Federal authorities investigating chemical leak, explosion at Menasha paper mill

Tuesday, Mar 17, 2015

Federal authorities say they are investigating a chemical leak and explosion at a Menasha paper mill that forced people out of their homes.

No one was injured in the blast at SCA Tissue, but dozens of homes south of the plant were evacuated shortly after 8 a.m. Monday morning.

“Just a loud explosion, sounded like a crack of thunder, real close to the house,” said Jon Muska, who lives on Lock St., just south of the plant.

Muska says he woke up and looked outside and saw what he thought what a cloud of steam coming from the mill. About a half-hour later there was a knock on his door.

“It was the fire department,” he said. “They were asking everybody to evacuate, because of a chemical spill.”

“Upon our arrival and further investigation we did note there was a vapor cloud that was emanating from the building also there was some liquid on the ground, outside the building, which also had some vapors coming off of it,” said Assistant Chief Mike Sipin of the Neenah-Menasha Fire Department.

Authorities say an “organic polymer” was being unloaded at the plant when it leaked and came into contact with another chemical, sodium hypochlorite – a more concentrated form of household bleach. Both are used in cleaning water from the paper making process.

The two reacted, creating heat and an explosion that blew off a portion of a roof of the plant, as by design, where the chemicals are located.

“That created a reaction that resulted in a buildup of heat and ultimately cause a small explosion that occurred in the onsite storage vessel, in a building on the southwest corner of the facility,” Sipin said.

Sodium hypochlorite is corrosive and can cause skin burns and irritation when contacted or inhaled in large amounts.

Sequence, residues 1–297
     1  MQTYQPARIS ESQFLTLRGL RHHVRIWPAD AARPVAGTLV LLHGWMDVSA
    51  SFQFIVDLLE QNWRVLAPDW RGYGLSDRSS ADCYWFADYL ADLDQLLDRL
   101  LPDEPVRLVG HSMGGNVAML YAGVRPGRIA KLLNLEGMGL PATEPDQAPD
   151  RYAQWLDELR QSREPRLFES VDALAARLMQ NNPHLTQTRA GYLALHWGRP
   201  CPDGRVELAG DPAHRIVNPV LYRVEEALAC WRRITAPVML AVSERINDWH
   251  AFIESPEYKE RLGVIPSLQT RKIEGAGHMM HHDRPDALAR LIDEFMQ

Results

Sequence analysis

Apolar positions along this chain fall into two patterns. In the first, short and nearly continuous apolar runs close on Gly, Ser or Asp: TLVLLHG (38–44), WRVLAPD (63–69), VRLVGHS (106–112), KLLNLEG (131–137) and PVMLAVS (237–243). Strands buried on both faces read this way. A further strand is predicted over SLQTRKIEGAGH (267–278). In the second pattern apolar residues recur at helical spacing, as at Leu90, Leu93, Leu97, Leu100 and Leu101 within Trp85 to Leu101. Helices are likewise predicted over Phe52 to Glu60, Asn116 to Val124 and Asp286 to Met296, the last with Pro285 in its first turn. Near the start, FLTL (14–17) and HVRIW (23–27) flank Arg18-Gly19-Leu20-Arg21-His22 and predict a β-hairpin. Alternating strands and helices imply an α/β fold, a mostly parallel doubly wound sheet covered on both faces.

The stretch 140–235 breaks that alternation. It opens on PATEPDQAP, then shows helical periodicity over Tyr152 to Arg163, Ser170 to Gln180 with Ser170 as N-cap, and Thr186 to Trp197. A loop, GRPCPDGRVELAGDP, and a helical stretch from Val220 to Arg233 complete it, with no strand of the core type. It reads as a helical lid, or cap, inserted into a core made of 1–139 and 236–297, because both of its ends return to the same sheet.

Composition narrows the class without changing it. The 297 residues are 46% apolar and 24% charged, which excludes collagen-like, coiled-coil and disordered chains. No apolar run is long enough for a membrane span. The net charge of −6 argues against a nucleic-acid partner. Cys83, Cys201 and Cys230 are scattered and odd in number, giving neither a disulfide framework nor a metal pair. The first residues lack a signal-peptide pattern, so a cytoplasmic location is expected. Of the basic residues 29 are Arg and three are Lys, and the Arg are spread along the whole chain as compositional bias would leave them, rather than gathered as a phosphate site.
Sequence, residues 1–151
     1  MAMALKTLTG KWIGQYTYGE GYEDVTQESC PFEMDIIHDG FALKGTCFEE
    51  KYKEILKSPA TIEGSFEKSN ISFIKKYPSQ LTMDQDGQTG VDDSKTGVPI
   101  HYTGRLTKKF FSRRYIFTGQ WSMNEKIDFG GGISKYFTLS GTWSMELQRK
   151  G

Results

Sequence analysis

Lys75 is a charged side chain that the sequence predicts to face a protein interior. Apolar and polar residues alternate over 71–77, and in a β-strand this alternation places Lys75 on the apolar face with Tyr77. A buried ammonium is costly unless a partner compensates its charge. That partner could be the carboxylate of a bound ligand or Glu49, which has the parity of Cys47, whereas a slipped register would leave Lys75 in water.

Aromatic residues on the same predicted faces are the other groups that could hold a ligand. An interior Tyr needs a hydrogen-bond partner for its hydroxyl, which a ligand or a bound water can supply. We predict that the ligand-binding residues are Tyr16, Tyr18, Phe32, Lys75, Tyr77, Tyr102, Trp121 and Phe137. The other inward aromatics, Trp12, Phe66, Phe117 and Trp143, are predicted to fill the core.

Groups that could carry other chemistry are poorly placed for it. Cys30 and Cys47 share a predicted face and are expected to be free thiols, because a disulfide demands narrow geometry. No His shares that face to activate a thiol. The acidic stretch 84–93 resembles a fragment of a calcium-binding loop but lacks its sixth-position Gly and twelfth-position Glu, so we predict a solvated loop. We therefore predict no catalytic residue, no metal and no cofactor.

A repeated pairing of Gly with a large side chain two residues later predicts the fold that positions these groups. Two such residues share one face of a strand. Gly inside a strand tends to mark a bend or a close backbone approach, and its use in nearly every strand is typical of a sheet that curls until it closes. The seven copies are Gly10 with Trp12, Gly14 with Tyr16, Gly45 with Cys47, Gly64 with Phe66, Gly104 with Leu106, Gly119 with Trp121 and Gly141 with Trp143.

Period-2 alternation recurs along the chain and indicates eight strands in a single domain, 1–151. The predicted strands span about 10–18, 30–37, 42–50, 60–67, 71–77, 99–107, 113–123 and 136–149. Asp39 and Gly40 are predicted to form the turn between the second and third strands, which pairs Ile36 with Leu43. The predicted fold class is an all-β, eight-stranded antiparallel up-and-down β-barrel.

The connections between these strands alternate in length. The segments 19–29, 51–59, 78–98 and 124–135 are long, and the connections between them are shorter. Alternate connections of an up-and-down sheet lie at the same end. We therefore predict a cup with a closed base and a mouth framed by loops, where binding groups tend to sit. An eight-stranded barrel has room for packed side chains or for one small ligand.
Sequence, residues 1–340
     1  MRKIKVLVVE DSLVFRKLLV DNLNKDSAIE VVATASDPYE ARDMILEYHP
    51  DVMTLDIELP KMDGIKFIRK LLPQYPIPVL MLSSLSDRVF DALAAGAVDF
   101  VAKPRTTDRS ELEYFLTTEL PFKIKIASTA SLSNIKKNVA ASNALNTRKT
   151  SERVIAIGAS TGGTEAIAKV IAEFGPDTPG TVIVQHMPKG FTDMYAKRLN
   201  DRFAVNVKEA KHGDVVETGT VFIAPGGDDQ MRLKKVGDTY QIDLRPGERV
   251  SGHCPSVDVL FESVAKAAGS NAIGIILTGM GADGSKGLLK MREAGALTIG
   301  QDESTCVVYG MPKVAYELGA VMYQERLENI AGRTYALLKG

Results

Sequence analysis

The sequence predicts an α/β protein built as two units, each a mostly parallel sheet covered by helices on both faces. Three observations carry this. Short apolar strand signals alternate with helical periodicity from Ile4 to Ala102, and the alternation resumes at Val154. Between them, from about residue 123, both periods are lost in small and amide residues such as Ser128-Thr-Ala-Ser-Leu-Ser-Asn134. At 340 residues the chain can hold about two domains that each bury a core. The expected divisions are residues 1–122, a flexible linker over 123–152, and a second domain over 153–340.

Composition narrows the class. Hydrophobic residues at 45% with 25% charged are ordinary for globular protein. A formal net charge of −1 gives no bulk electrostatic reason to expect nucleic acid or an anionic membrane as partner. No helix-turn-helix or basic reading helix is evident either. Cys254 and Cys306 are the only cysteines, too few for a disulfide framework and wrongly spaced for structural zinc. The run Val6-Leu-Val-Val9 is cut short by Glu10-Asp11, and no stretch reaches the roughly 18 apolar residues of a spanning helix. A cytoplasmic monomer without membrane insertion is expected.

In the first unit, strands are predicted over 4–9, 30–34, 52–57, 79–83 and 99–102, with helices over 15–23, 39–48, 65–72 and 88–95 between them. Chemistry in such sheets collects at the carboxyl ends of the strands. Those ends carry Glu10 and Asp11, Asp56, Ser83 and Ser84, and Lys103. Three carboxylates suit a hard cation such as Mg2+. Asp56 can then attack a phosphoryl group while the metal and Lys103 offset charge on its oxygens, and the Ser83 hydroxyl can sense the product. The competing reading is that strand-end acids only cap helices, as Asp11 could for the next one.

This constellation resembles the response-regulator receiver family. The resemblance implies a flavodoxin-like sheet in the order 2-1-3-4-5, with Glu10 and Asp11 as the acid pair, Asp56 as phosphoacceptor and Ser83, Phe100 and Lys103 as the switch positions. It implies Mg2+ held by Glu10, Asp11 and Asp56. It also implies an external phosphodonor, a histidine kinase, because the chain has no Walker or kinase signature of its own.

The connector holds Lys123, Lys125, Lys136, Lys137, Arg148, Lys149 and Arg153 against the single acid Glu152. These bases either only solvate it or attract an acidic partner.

Homes to the south of the plant were evacuated as a gas plume filled the air. Hazardous-materials crews were called in from Oshkosh and Appleton to handle the spill. Sipin says the spill was contained before it could reach the sewer system and the evacuation was precautionary.

“Just for the sole purpose of safety, in the event we had a wind shift and the product was being blown over this way.”

The evacuation order was lifted by early afternoon.

SCA officials say the incident impacted only a small part of the plant and some operations.

“Safety is our top priority at our plant, for our employees – certainly for the community,” said SCA Vice President of Communications Amy Bellcourt in a phone interview with FOX 11, “So, we will evaluate exactly what happened. We’re still investigating this now and if any changes in how we handle deliveries of these materials are required, we will certainly make them.”

The Federal Occupational Safety and Health Administration – OSHA – says it is investigating the case. A full report could take at least six months to complete.

The Swedish company bought the one-time Wisconsin Tissue Plant from Georgia-Pacific more than ten years ago.

According to OSHA, one inspection complaint was filed in December of last year for violating housekeeping, plant safety and record keeping practices. OSHA’s area director says the agency considers those somewhat minor infractions.


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